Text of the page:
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Amazon’s Carbon Footprint Rose by 15 Percent in 2019

Sustainability News
by Eben Diskin Jun 24, 2020

Whether it’s the rainforest or the online shopping company, things haven’t been good for Amazon in the news lately. The company reported on Tuesday that its carbon emissions rose 15 percent last year over 2018, according to the Associated Press. Its emissions from fossil fuels rose by 18 percent. This data uncovers an ugly truth of modern convenience — just because the customer isn’t driving to the store to make a purchase doesn’t mean that the environment is spared the harm of pollution.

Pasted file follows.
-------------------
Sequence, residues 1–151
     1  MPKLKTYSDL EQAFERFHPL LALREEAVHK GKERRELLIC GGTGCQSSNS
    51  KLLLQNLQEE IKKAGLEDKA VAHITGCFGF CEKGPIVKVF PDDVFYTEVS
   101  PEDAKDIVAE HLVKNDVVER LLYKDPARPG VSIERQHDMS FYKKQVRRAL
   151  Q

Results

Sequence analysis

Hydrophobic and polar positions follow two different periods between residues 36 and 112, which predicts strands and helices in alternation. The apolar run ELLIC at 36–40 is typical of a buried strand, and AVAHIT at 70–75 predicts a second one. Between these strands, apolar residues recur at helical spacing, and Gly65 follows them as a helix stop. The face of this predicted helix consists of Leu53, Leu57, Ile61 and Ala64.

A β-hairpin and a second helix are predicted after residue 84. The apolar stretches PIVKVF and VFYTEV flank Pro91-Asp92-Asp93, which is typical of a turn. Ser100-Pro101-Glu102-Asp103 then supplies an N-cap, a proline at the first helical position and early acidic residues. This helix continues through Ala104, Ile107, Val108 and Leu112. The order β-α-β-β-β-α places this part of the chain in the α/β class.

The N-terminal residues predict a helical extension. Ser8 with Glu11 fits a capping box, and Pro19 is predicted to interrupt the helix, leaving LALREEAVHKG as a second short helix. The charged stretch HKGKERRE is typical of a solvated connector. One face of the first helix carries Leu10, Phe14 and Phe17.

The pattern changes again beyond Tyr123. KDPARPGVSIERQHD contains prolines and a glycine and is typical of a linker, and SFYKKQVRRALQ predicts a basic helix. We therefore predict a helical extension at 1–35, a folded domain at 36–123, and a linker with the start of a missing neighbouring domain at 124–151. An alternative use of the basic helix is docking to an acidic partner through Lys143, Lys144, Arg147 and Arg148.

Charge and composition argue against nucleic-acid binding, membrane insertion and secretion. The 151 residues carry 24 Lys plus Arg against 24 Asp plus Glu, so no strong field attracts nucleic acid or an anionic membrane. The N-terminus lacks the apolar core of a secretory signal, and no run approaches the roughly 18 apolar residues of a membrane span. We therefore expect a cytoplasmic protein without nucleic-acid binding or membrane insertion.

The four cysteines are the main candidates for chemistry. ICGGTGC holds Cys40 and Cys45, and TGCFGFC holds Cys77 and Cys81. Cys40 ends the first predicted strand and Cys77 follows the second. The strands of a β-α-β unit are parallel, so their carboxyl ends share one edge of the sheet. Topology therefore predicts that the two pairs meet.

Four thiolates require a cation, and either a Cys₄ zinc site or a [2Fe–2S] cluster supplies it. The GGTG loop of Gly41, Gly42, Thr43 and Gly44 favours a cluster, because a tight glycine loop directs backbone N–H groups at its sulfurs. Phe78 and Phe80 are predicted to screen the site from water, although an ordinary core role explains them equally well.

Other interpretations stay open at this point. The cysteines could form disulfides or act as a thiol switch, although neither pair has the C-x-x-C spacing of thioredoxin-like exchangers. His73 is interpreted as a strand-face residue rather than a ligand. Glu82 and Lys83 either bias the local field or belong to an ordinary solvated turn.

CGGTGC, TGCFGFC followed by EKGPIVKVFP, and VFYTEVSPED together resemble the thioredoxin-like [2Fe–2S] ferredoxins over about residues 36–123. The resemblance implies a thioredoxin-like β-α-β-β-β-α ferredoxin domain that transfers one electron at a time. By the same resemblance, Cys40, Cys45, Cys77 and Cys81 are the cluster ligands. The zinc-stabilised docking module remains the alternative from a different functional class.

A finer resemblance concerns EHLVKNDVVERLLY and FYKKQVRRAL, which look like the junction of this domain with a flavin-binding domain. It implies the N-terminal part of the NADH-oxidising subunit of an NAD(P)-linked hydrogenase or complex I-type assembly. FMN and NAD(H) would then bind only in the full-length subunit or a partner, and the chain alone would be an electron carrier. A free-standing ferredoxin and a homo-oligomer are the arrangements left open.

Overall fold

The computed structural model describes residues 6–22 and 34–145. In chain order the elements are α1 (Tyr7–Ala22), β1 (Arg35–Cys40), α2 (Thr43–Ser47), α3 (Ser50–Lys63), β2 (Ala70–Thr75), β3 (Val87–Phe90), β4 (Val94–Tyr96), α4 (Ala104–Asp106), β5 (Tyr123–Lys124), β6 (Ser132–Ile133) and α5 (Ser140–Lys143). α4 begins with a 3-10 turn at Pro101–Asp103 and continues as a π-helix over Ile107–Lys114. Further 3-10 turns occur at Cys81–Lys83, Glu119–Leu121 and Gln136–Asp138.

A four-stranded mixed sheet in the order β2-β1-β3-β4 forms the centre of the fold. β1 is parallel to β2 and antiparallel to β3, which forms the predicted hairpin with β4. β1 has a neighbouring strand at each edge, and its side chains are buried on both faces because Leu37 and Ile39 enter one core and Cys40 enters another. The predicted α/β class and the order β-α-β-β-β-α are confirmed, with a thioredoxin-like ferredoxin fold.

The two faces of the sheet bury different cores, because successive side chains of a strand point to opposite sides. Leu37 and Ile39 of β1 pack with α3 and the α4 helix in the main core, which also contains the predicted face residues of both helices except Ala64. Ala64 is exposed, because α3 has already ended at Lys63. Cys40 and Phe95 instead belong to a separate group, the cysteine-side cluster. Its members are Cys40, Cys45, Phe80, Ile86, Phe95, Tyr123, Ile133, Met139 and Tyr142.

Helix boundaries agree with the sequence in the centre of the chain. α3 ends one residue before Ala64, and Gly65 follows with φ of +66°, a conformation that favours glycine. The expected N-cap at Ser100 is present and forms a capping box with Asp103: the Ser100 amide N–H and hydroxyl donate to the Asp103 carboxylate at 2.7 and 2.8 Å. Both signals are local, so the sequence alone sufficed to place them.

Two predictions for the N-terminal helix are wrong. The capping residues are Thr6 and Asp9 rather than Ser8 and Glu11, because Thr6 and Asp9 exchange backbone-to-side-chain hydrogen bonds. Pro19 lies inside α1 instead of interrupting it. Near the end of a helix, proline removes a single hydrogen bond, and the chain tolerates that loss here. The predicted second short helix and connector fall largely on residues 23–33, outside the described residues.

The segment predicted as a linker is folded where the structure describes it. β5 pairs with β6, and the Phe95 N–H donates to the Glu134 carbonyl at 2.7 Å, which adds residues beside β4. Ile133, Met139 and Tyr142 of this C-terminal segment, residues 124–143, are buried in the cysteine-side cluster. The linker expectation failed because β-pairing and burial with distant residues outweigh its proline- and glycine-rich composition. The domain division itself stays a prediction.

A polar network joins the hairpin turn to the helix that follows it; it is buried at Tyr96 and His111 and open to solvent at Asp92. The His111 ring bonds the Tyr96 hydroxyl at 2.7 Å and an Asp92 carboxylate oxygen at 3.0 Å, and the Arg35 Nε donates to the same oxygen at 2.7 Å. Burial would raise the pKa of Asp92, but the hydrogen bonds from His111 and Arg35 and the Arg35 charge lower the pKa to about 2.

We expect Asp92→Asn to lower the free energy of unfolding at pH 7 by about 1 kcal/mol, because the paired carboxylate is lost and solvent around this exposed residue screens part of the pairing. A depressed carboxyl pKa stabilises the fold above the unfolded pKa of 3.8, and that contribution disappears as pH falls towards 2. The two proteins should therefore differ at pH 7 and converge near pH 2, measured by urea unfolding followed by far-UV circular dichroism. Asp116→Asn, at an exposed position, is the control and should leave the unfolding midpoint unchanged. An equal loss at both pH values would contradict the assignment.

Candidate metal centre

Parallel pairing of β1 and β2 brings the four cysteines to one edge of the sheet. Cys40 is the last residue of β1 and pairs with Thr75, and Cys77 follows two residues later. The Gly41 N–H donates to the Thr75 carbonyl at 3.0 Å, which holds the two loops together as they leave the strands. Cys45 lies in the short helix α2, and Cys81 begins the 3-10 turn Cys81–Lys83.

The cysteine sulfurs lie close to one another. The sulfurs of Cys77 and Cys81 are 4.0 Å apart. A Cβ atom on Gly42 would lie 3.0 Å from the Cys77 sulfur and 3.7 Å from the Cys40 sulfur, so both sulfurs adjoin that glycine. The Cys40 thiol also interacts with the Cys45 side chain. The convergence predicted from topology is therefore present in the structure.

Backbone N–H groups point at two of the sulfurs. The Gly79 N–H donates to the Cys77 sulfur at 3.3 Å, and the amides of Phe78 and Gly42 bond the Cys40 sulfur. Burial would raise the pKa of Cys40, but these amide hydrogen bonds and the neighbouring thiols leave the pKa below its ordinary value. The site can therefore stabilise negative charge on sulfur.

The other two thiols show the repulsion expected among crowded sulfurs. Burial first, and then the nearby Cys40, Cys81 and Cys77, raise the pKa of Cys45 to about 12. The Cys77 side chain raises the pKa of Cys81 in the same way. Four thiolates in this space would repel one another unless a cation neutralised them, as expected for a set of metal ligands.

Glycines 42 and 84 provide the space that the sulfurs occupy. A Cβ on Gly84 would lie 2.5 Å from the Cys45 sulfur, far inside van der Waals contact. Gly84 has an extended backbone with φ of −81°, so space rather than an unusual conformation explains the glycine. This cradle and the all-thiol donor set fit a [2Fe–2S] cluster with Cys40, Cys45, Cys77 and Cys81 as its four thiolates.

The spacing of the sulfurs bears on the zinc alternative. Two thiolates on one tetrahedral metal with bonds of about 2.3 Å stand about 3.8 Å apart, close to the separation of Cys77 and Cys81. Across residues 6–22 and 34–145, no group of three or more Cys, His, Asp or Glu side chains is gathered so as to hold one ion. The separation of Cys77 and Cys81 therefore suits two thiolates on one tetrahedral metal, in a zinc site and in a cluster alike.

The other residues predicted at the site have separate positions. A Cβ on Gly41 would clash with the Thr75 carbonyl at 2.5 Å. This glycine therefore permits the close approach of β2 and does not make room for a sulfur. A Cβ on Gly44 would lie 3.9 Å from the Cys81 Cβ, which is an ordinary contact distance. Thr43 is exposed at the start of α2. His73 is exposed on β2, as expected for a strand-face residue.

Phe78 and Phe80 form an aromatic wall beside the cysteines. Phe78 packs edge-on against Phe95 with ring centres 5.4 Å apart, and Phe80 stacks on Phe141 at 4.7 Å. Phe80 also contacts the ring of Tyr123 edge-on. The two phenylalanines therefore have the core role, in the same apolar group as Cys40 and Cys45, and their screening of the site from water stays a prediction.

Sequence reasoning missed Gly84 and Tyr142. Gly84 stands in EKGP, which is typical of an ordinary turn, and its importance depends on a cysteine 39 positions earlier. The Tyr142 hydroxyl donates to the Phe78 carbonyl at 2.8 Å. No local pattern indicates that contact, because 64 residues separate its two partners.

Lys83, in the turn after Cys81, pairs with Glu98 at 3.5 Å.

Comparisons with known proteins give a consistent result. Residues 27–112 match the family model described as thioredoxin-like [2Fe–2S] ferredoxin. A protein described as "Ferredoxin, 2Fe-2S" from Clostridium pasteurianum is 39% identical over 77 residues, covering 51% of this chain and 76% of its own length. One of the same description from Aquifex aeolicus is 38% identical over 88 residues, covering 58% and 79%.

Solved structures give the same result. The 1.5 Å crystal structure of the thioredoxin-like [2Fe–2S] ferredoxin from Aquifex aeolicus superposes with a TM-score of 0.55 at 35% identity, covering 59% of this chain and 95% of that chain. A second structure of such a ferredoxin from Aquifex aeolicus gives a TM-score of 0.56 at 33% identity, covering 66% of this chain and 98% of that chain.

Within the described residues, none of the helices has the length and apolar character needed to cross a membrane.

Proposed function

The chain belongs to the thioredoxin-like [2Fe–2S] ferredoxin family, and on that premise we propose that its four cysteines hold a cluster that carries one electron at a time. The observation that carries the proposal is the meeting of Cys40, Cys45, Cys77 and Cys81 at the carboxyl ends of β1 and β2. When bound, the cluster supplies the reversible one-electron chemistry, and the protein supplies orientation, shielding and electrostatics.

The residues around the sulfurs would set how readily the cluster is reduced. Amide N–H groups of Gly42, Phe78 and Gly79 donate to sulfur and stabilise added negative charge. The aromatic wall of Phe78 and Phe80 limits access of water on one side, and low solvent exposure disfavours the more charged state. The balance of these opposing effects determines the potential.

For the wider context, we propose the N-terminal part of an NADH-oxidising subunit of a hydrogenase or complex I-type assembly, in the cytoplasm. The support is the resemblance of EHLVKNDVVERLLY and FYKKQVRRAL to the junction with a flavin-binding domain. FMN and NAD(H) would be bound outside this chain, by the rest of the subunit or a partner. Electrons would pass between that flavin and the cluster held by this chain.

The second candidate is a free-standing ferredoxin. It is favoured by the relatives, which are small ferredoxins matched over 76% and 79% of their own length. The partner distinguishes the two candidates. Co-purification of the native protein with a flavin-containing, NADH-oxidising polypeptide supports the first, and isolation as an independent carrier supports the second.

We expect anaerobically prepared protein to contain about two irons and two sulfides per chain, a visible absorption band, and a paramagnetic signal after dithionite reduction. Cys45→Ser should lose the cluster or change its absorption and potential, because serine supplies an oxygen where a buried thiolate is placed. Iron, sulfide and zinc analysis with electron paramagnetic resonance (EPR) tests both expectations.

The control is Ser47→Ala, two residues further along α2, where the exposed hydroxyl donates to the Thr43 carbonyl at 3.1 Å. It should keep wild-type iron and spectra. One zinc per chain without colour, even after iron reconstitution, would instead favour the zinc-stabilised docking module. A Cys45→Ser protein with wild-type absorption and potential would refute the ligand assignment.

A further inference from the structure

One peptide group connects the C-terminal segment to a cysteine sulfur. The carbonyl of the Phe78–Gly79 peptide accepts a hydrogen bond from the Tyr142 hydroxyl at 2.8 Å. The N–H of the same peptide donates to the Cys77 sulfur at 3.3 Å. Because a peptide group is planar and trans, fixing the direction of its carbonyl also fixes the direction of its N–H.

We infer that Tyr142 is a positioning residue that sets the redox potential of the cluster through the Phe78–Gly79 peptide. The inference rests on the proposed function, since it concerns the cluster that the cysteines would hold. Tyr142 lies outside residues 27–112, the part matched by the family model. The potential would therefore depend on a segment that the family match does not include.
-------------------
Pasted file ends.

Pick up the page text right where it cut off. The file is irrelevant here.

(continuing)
The news comes despite the company’s pledge to reduce its emissions. The company reported 51.1 million metric tons of carbon dioxide tied to its operations last year, a stark rise from the 44.4 million metric tons reported the year before. The Associated Press calculated that the company’s 2019 carbon dioxide emission tally is equivalent to 13 coal burning power plants running for a year.

In its plans to address the issue, Amazon stated that it is on track to derive 100 percent of its energy use from renewable sources by 2025, five years ahead of its original schedule for moving to clean energy. It also plans to invest $2 billion in companies working to fight climate change.

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